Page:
What They Don’t Teach You At Business School
Rapid change in every sphere has left the curriculum lagging and inadequate.
The one word to define the age we live in could well be ‘unpredictable’. Technology is changing almost as fast as it took to type that; politics at every level seems to be full of surprises (and not all of them pleasant, though that’s a story for another day); economies around the globe are in a state of flux; the very environment is changing as we live in it.
Through all this, we expect some things to stay constant: the daily delivery of newspapers, milk, bread, and other essentials; the shop around the corner stocking our favourite brands of chewing gum or cigarettes; telephone bills to come in regularly; and our favourite serials to play on television. Now think of the companies behind these products. Yes, many of them are high-tech manufacturing units, manned by the brightest and best in the field. But their top managers say it is only a matter of time before their organisations will be torn apart either by new technologies, new business models, innovative marketing tools, or even fancier products.
Yes, but if a company has strong management, it can weather all this, I say confidently. Most of the CEOs I say this to look at me pityingly and send me off to the top management schools where they seem to think I’ll learn the truth. “The current curriculum is defunct and needs significant changes to stay relevant in the present environment,” says Pramath Raj Sinha, founding dean of Indian School of Business (ISB), Hyderabad, one of the premier management schools today. He goes on to explain that B-schools are woefully unprepared to churn out managers who can deal with the new unpredictable world.
“How many B-schools in India today teach the impact or the transformational role of blockchain technology on small and medium-size enterprises, the new growth engines of India Inc.?’’ asks Tushaar Shah, senior fellow at the Sri Lanka-based International Water Management Institute and former director of the Institute of Rural Management Anand (IRMA) in Gujarat, an institution dedicated to the cause of rural poverty.
As I speak to more and more people in academia and corporate India, I realise that I’m looking at one of the biggest problems India Inc. has to face: educating future generations of managers who can easily deal with change and who look at Black Swan events not as catastrophes but as business problems to be resolved.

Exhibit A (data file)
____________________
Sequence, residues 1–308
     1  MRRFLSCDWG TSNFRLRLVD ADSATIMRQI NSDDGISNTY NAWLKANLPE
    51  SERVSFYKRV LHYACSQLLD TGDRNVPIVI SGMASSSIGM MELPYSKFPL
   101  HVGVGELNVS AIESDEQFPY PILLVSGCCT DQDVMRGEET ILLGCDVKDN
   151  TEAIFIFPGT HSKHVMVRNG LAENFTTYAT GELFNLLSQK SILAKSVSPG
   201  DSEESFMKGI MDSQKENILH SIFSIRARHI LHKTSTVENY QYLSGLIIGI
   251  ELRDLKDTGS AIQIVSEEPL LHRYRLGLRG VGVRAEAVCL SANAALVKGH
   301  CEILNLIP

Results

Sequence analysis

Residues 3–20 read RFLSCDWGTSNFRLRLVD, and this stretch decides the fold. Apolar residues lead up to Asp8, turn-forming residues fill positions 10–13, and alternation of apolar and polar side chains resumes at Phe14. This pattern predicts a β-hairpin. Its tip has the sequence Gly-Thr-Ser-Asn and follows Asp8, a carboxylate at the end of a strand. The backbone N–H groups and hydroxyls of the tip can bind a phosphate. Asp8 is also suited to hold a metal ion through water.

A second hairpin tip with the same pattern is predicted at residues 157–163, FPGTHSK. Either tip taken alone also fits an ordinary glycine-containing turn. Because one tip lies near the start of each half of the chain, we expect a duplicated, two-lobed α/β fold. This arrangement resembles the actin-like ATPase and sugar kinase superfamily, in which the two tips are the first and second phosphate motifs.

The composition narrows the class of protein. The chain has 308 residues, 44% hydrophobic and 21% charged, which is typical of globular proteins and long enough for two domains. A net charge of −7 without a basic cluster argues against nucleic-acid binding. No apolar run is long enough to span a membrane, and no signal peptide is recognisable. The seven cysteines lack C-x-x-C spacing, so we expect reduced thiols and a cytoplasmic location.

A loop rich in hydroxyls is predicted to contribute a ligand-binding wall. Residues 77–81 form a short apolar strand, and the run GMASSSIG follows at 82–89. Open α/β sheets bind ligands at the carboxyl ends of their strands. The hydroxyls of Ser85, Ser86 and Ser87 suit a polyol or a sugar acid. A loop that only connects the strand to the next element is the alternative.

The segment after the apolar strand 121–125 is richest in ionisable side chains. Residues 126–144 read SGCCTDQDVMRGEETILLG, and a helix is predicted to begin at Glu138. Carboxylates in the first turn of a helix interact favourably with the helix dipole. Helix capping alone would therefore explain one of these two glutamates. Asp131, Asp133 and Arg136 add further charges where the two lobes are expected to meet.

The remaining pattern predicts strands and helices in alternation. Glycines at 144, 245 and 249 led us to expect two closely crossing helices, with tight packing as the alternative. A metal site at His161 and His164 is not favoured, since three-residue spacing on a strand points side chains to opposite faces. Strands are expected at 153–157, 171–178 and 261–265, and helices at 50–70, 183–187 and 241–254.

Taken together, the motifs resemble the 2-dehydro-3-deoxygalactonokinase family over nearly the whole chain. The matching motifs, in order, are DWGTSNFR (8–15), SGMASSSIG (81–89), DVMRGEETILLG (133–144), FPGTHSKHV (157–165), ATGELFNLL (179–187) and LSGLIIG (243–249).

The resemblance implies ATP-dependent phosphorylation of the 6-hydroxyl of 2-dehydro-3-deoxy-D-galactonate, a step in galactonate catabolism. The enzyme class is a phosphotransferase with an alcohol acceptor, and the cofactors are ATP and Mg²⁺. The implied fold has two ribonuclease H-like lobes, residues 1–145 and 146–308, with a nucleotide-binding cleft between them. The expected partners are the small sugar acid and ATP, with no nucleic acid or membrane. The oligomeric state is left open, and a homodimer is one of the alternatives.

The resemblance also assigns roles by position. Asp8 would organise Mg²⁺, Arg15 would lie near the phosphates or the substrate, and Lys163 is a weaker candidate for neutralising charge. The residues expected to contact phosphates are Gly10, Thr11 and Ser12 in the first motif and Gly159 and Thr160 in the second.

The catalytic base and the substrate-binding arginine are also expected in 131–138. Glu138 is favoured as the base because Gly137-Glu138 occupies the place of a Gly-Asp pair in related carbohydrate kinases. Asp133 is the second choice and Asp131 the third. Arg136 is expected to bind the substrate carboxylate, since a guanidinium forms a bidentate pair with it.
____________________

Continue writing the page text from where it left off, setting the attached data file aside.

“The ability to deal with rapid change will be vital. While some education institutions bring this into the classroom, it may or may not happen automatically in other places. So there needs to be a conscious effort to develop this ability in students and business managers,” says Anjali Bansal, investor and board member of companies such as Tata Power, GSK, Voltas, and Bata.
I am at a conference in Mumbai organised by Silicon Valley think tank Singularity University in association with Bengaluru-based INK, which organises inspirational talks. Speakers include Bill Briggs, U.S. and global chief technology officer (CTO), Deloitte Consulting; Brock Pierce, managing partner of venture capital firm Blockchain Capital; George Kembel, co-founder of Stanford University’s iconic design school; Larry Keeley, president and co-founder of innovation consultant Doblin Group; and Matthieu Riou, CTO and founder of blockchain infrastructure company BlockCypher. One of the primary aims of this conference is to understand how individuals and organisations can deal with the disruptions caused by emerging technologies.
I meet Joe Paradiso, director, responsive group, MIT Media Lab, and ask him where he thinks education is headed and what it needs to do to arm students to tackle an uncertain world. “The most important thing about education is flexibility and being adaptive in this ever-changing world,” says Paradiso. “Education is not going to be formal anymore—you have to learn to roll with it and stay ahead; it is about working with groups and looking at things that will change the world. You cannot have fixed curricula either—it needs to change yearly.”